Famous Photo of the Month


Starving Child and Vulture by Kevin Carter

Last year I read The Bang-Bang Club: Snapshots from a Hidden War an autobiographical book by Greg Marinovich and Joao Silva about themselves, James Nachtwey and Kevin Carter a group of four South African photographers active within the townships of  South Africa during the apartheid period. Kevin Carter knew the image  of death. As a member of this group of photographers who chronicled apartheid-­era South Africa, he had seen more than his share. In 1993 he flew to Sudan to photograph the famine racking that land. Exhausted after a day of taking pictures in the village of Ayod, he headed out into the open bush. There he heard whimpering and came across an emaciated toddler who had collapsed on the way to a feeding center. As he took the child’s picture, a plump vulture landed nearby. Carter had reportedly been advised not to touch the victims because of disease, so instead of helping, he spent 20 minutes waiting in the hope that the stalking bird would open its wings. It did not. Carter scared the creature away and watched as the child continued toward the center. He then lit a cigarette, talked to God and wept. The New York Times ran the photo, and readers were eager to find out what happened to the child—and to criticize Carter for not coming to his subject’s aid. His image quickly became a wrenching case study in the debate over when photographers should intervene. Subsequent research seemed to reveal that the child did survive yet died 14 years later from malarial fever. Carter won a Pulitzer for his image, but the darkness of that bright day never lifted from him. In July 1994 he took his own life, writing, “I am haunted by the vivid memories of killings & corpses & anger & pain.”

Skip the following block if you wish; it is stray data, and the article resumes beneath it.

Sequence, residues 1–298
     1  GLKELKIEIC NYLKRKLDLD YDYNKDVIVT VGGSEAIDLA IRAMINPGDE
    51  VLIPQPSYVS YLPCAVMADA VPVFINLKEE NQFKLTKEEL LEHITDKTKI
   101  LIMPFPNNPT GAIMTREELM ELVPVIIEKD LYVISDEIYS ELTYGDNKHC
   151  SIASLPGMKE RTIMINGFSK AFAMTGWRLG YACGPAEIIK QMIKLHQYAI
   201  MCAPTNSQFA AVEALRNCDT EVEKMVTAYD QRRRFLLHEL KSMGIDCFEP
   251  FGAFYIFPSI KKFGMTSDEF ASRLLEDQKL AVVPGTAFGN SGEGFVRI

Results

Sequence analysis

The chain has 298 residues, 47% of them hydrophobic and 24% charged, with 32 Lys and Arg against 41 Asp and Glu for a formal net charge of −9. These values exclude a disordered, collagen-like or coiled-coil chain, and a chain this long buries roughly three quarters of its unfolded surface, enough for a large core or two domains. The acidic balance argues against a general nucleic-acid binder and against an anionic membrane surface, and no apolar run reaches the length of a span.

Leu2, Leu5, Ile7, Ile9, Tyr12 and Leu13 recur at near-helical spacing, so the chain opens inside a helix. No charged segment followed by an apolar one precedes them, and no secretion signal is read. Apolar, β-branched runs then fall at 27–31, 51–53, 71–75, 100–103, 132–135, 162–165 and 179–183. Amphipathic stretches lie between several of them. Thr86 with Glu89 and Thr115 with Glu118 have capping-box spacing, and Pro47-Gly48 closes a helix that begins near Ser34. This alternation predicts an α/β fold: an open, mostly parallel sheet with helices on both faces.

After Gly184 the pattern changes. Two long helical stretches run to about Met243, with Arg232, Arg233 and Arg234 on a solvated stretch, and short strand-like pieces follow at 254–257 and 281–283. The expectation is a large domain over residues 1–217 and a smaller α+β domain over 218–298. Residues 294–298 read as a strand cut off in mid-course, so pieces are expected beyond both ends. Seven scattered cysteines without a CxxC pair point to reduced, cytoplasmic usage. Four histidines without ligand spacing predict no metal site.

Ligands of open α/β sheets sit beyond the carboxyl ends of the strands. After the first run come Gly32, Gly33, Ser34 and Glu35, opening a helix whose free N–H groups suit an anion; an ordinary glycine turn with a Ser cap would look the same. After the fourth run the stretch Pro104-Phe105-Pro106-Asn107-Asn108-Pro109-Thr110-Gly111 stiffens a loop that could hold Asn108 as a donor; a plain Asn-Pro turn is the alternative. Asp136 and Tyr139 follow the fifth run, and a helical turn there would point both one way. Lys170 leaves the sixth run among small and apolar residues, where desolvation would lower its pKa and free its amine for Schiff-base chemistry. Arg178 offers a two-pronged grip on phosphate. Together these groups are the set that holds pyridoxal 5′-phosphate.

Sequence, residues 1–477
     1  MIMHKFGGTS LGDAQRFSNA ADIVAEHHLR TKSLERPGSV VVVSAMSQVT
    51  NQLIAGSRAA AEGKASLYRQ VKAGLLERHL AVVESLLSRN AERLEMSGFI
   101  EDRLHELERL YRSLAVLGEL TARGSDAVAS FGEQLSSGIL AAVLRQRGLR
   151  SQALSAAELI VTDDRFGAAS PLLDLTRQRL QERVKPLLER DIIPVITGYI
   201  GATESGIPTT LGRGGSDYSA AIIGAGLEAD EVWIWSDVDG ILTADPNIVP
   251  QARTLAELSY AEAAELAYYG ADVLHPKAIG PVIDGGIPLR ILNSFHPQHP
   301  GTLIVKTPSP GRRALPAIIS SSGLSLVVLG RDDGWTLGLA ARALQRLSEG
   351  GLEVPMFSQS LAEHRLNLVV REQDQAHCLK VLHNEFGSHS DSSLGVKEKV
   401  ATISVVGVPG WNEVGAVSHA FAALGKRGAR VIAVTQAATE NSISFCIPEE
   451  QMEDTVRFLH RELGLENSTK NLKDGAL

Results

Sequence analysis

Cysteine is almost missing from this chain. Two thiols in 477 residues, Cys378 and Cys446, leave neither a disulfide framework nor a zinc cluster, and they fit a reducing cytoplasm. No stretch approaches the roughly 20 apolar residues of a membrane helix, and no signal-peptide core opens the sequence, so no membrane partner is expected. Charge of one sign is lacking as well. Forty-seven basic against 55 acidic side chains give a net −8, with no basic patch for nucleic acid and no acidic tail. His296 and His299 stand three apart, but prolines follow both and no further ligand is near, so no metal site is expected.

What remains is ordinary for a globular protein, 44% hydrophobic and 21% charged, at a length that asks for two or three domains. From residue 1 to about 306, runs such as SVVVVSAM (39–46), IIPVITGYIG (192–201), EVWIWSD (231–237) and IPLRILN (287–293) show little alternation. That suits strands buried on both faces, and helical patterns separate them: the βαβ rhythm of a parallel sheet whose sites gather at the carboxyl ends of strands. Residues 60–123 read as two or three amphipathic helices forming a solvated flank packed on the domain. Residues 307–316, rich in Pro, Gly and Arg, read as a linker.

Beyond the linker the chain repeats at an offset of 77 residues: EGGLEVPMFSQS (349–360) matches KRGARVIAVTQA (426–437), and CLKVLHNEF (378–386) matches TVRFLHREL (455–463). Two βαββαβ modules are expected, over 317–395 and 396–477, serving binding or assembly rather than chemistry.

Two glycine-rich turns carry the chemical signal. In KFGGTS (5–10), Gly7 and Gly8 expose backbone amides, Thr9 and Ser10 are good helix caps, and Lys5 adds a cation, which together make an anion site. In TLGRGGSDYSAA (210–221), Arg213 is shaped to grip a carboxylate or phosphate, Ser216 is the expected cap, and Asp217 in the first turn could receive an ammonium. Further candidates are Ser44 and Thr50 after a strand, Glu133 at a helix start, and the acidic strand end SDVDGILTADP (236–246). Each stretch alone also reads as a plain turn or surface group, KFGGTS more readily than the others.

Chasing the light-night!


Marek Biegalski portrait, nature & landscapes photographer visited the club last night. A slight delay due to unforeseen circumstances just served to whet our appetites for a superb night chock full of amazing images. Born in Poland in early 70’s, he has lived in Ireland since 2006. He is a self-taught photographer. His work captures sublime moments of light and surrounding, which is a result of meticulous planning and preparation.
Marek is an artist who seeks out patterns within the landscape and the hidden link between reality and the imagination. This approach also spills over into his fine art images and portraits. He went through his latest work from Lofoten and some portraits as well award winning and Irish landscapes. Marek has established a Photography Tour company that shares the knowledge marek has built up over the years. A big thanks from Blarney Photography Club. For further information check out his website at

Going from strength to strength

Blarney Photography Club managed to get a 4th place position in a challenging competition of 25 clubs in the IPF Shield. Henry O’Brien was awarded an honorary mention for his Colour Print. This represents significant progress for the club. The selection committee put in a lot of hard work selecting and organising printing and finishing  the works. The members who supplied images including all those who didn’t make the final selection did a great job. To jump 14 places from last years 18th to be just a few points outside the top 3 is brilliant. With 1st place going to Dundalk and 2nd Palmerstown and 3rd place to Offshoot from south county Dublin Blarney had to fly the flag for outside The Pale! Special thanks goes to Fergal, Cian and Charlie who helped with the selection Rory and Paul for additional duties including setting the files to print. Ger who kept us all on the straight and narrow.  Next year it’s a podium place!!